“Come with me if you want to not die.”
Don’t listen to the little kids you know who proclaim this and Frozen to be the best movies ever. The Lego Movie is a visual feast and superb achievement in animation that’s boosted by some jaw-dropping effects. However, the story is so frenetic that you’re bound to get lost. I have a hard time imagining anyone under the age of eight being able to comprehend a single thing, and I doubt very many out of their teens will find it enjoyable. Picture a youngster fueled on Mountain Dew running through a toy store, losing attention by the next thing they want every twenty seconds. That’s what this feels like. The only saving grace is the ending, as it provides the heart and identity that the movie strives for all along. All the legos in the world can’t build anything substantial with such an unsteady foundation.
Vitruvius (Morgan Freeman) is a wizard fighting with Lord Business (Will Ferrell) over possession of the Kragle…which we come to find out is actually a tube of Krazy Glue. Fast forward eight and half years (remember that number, it’s important for the ending) and we meet Emmet (Chris Pratt). He’s a construction worker, yellow just like everyone else, who lives life by following the instructions he is given. After a song during which he proclaims that everything is awesome, Emmet finds himself accidentally fulfilling a prophecy made by Vitruvius. He is the one that must stop Lord Business and save the universe.
There are characters known as Masterbuilders, the best and most imaginative at building, and Lord Business is determined to enslave them in order to ensure a smooth takeover of Bricksburg. Those not yet captured help Emmet to be “the special” and overthrow the evildoer. WyldStyle (Elizabeth Banks) and Batman (Will Arnett) date one another, and are the two most involved with aiding Emmet. Lucky for them, Emmet is such a blank canvas and so empty-minded that he can fulfill the prophecy by being the opposite of the Masterbuilders. Sometimes simple is the best option. After a trek through different landscapes escaping Lord Business and his literally two-faced henchman Bad Cop / Good Cop (Liam Neeson), they set their eyes on bringing down the tyrannical overseer.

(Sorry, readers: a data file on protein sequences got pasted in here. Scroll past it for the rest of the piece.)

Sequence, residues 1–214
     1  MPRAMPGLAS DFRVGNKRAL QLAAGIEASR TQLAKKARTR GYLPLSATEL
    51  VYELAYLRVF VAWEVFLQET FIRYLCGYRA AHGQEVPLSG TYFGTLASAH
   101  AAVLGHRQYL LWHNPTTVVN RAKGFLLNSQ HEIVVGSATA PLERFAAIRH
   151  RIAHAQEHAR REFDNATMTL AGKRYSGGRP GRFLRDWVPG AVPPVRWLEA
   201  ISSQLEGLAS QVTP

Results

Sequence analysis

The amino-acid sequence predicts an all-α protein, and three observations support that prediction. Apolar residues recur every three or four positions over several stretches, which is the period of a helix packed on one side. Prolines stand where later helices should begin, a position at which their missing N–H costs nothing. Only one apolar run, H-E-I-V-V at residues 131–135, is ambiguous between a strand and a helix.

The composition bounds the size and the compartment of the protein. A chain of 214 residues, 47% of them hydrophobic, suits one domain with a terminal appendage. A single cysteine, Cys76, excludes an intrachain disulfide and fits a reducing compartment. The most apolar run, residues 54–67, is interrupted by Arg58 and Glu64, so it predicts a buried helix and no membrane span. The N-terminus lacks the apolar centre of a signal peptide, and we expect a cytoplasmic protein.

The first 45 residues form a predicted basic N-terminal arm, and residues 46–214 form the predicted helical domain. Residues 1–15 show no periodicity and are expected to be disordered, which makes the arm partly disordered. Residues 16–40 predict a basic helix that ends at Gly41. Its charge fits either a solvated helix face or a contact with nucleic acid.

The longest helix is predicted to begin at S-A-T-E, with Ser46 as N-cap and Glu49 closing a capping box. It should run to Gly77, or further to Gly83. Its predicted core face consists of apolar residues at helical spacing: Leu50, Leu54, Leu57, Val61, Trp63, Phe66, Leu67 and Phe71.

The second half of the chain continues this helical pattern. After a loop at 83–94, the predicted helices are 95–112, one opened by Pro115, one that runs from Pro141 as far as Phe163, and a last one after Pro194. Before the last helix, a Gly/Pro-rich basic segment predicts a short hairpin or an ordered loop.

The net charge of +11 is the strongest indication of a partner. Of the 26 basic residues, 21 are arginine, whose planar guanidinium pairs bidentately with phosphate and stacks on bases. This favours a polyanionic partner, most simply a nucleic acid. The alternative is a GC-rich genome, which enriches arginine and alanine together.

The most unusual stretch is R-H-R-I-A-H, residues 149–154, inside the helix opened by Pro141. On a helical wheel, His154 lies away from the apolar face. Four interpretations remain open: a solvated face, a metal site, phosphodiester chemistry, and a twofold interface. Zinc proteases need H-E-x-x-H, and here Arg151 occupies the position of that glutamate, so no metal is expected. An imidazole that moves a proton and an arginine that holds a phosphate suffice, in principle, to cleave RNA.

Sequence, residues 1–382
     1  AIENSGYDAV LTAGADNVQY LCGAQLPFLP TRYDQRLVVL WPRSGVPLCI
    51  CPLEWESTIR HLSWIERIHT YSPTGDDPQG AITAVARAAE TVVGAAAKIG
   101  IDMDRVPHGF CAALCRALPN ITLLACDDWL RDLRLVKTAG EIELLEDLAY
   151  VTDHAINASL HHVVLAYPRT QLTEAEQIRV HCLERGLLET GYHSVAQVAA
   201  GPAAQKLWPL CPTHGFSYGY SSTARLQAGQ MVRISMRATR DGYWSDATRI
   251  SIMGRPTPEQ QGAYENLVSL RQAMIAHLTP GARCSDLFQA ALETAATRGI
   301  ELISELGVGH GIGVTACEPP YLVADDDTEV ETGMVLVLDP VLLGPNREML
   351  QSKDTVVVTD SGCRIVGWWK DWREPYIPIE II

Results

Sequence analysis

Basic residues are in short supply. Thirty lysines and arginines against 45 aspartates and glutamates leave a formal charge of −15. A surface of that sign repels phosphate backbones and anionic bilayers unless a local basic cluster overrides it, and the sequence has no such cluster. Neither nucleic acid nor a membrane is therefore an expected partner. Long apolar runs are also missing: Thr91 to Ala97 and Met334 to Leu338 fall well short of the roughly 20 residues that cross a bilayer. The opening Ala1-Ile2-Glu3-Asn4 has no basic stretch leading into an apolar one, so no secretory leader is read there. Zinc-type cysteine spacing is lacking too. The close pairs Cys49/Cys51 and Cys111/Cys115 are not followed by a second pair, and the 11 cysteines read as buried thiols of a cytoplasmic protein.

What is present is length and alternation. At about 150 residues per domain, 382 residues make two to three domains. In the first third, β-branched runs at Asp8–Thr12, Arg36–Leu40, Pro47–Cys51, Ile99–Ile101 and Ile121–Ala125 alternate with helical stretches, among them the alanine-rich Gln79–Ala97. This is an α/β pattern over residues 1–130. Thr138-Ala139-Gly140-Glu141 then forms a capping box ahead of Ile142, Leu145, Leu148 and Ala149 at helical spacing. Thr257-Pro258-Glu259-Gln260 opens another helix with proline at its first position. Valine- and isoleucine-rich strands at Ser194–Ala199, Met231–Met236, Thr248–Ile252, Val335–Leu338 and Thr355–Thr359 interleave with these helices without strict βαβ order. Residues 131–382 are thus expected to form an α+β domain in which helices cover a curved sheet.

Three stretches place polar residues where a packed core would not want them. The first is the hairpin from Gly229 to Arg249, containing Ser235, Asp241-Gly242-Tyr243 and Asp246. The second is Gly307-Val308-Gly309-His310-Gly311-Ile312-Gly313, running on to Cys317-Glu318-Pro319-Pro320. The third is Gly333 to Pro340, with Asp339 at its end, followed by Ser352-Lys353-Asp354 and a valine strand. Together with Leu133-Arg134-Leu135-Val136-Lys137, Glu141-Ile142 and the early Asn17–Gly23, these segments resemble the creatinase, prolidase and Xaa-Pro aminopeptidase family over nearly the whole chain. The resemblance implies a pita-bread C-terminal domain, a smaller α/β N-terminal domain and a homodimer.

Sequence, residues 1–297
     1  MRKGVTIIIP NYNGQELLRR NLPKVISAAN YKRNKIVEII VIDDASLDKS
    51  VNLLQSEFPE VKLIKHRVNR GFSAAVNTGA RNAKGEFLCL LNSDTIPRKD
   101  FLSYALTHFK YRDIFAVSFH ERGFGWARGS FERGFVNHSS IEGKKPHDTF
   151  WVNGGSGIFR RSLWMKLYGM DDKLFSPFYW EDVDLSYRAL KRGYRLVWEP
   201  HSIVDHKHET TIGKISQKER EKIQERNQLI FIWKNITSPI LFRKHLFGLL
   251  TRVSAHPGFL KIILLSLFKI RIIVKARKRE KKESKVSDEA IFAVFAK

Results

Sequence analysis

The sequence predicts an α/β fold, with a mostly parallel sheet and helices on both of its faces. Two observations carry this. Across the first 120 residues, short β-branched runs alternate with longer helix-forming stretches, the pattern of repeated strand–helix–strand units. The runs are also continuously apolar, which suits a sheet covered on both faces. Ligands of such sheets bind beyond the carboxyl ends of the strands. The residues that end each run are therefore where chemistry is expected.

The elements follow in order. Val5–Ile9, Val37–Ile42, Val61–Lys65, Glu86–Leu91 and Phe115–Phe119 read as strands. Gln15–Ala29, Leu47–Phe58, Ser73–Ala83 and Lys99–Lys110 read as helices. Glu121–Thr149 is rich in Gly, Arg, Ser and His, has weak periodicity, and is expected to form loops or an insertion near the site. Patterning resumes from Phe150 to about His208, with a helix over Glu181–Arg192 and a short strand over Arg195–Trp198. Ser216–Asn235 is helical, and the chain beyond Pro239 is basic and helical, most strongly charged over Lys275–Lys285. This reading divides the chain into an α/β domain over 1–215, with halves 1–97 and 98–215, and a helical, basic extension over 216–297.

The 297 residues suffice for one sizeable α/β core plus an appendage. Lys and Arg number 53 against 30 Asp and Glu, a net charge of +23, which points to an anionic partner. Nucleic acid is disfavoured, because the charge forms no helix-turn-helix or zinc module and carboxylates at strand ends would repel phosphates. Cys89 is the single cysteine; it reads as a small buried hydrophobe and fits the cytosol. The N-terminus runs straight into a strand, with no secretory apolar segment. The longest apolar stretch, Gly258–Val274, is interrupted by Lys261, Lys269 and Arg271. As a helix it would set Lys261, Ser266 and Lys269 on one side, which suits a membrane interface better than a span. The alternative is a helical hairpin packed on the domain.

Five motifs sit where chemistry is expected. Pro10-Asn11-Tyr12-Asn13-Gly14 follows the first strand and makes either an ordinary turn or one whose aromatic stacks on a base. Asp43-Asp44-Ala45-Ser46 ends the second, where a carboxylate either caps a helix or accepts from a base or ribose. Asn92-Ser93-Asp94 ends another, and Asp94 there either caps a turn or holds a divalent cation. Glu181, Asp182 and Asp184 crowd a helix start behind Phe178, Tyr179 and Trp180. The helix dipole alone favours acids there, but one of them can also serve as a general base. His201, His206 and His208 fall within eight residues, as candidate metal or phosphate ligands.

The technical aspects of this film are wonderful, as we’ve become accustomed to from the outstanding duo of Christopher Miller and Phil Lord. All of the voicework, even down to characters with single lines, is pitch perfect. I knew the animation would be impressive. You expect an animated Lego movie to at least look decent. Instead we’re given one of the most detailed and beautifully rendered animations of late. Everything, from large sets to individual and recognizable Lego pieces some of us have played with, blankets the screen and fills your imagination with vivid colors and old memories of the brick-shaped toys. Yet for as fun as it is to look at, I didn’t find it half as funny or heartfelt as the majority of critics somehow saw it to be. Everything is rushed, none of the story is earned, and not until the last third when a major plot twist is revealed did I enjoy the movie at all.
Even if you don’t like the film, I advise you to stick around until the end. It’s surprising and gives life to a movie that’s been too busy being the Autobahn of storytelling for an hour. The Lego Movie feels like an inferior version of the Toy Story series or even Wreck-It-Ralph. Those brought nostalgia as much as this does, but the rapid cuts and fast-paced storytelling used here is a route that never let’s it sink in with the audience. With some added time to spread out the movie, or an Adderall before seeing it, things probably would have made a little more sense. It’s a shame because an honest and touching message is trying to be conveyed. Sadly it’s sitting at the bottom of a tote, buried beneath a mess of colored plastic bricks.
“The only thing anyone needs to be special is to believe that you can be.”
Rating: 3 out of 5